Tile for All Seasons
Josephine Minutillo -- Interior Design, 10/1/2004 12:00:00 AM
On a quiet street in the heart of Milan's Brera district—a neighborhood known more for its world-class art museum and charming galleries than for the trendy shops and cafés that saturate most of this style capital—Italy's first Sicis showroom has opened in an 18th-century palazzo. Designed by Studio Marco Piva, the young mosaic-tile company's 6,500-square-foot facility adds a spectacular splash of color to the Brera's sober surroundings.
"You can't help but notice it," architect Marco Piva says of the Art Factory, as Sicis calls the new showroom. With its massive windows facing the street, the vibrant interior becomes, as Piva puts it, "part of the scenography of the city."
It certainly didn't start out that way. "When we acquired this place, it was completely run-down," recalls company founder and president Maurizio Placuzzi, who had previously hired Piva for product and exhibition designs.
"The driving force was to give new life to a very traditional art form," says Piva. He kept the three-level interior mostly unfurnished to make room for large mosaic installations, which function as architectural elements rather than mere decorative surfaces. Rising up the walls of the central stairwell, for instance, a continuous mosaic changes from intense reds to cooler blues, like a journey from the center of the earth to the sky.
The mosaic installations will change like the seasons, both natural and commercial. Doubling up on the city's fashion calendar, Sicis will present new mosaic collections every three months or so. To accommodate these transformations, Piva made sure that the interiors would be extremely flexible. Any section of flooring or vertical paneling can be removed and replaced easily. Double-sided modular panels—some flat, some curved— are rigid yet lightweight, thanks to honeycomb-steel cores.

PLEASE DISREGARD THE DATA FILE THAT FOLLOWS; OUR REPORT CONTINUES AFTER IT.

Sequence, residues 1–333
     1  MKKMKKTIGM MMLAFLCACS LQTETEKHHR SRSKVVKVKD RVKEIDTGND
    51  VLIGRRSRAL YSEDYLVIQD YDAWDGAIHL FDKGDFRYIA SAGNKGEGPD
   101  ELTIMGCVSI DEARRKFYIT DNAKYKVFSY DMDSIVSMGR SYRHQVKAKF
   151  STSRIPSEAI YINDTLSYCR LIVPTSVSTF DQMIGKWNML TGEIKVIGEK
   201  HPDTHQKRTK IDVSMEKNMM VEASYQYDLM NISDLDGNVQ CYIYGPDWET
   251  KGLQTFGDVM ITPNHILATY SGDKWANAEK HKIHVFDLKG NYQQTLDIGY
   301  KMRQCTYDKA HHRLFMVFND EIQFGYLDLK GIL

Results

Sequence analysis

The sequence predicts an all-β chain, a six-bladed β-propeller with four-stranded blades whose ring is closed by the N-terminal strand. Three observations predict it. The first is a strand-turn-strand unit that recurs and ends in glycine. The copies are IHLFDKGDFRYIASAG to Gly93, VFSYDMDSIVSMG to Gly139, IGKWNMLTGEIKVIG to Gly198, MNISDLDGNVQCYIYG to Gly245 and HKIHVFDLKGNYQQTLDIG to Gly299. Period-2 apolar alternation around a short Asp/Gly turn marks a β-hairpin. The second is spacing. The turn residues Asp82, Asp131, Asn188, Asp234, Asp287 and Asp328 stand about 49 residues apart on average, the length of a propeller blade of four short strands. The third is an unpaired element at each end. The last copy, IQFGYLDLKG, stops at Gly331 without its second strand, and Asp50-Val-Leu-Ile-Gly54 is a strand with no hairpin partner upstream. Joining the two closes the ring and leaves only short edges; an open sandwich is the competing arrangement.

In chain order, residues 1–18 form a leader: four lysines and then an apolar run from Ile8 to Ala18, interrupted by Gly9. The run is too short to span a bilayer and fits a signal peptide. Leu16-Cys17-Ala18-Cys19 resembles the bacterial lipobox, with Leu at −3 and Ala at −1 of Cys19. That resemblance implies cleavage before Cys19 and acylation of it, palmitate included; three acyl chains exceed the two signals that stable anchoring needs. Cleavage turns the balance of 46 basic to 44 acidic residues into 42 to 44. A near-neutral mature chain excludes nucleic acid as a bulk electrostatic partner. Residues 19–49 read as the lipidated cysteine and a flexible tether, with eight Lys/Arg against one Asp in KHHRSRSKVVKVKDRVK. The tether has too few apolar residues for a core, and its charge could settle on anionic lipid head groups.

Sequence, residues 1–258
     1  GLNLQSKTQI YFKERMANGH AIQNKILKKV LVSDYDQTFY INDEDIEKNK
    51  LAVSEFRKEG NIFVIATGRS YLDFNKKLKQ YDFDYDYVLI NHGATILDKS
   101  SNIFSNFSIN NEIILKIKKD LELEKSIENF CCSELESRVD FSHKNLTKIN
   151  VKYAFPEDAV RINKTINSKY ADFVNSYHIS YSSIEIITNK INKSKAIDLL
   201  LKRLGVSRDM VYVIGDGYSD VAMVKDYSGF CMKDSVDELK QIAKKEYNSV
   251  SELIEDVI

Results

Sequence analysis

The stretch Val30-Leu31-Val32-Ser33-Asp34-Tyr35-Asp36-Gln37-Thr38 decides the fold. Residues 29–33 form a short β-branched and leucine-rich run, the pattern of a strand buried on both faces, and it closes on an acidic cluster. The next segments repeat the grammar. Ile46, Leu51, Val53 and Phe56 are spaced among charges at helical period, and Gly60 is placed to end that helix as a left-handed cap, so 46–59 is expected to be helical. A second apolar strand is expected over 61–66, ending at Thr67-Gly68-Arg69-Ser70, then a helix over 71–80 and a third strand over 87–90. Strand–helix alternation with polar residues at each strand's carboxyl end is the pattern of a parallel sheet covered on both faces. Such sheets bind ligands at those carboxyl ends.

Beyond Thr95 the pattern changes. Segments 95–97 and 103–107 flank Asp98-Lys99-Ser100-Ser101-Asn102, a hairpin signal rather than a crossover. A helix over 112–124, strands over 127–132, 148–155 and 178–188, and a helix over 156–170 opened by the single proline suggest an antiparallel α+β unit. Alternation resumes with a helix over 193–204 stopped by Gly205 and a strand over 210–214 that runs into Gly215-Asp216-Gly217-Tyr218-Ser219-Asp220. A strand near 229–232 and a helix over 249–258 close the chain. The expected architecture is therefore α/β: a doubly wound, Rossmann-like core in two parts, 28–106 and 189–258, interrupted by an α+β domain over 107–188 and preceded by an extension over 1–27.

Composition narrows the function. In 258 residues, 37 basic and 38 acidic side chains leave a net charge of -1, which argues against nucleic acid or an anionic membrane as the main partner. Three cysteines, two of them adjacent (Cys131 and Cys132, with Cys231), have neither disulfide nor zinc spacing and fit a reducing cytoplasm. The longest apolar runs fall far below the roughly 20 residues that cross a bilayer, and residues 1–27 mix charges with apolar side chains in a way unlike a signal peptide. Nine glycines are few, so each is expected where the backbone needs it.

A network of spotlights enhances the luminosity of a wide variety of tile types. The upper level is reserved for the bold colors and eye-catching geometries of the Glass3 collection. Meanwhile, the basement accommodates countless mosaic samples in glass, stone, metal, and composite marble, among other materials.
The Art Factory's inaugural installation, which fills the storefront windows and the ground level, opened during this past spring's Salone Internazionale del Mobile and runs through October. Displays by such leading European names as Tom Dixon, Patricia Urquiola, and Ora-Ïto include a cast of large-scale comic-strip characters, demonstrating that contemporary mosaics can be simultaneously witty and beautiful.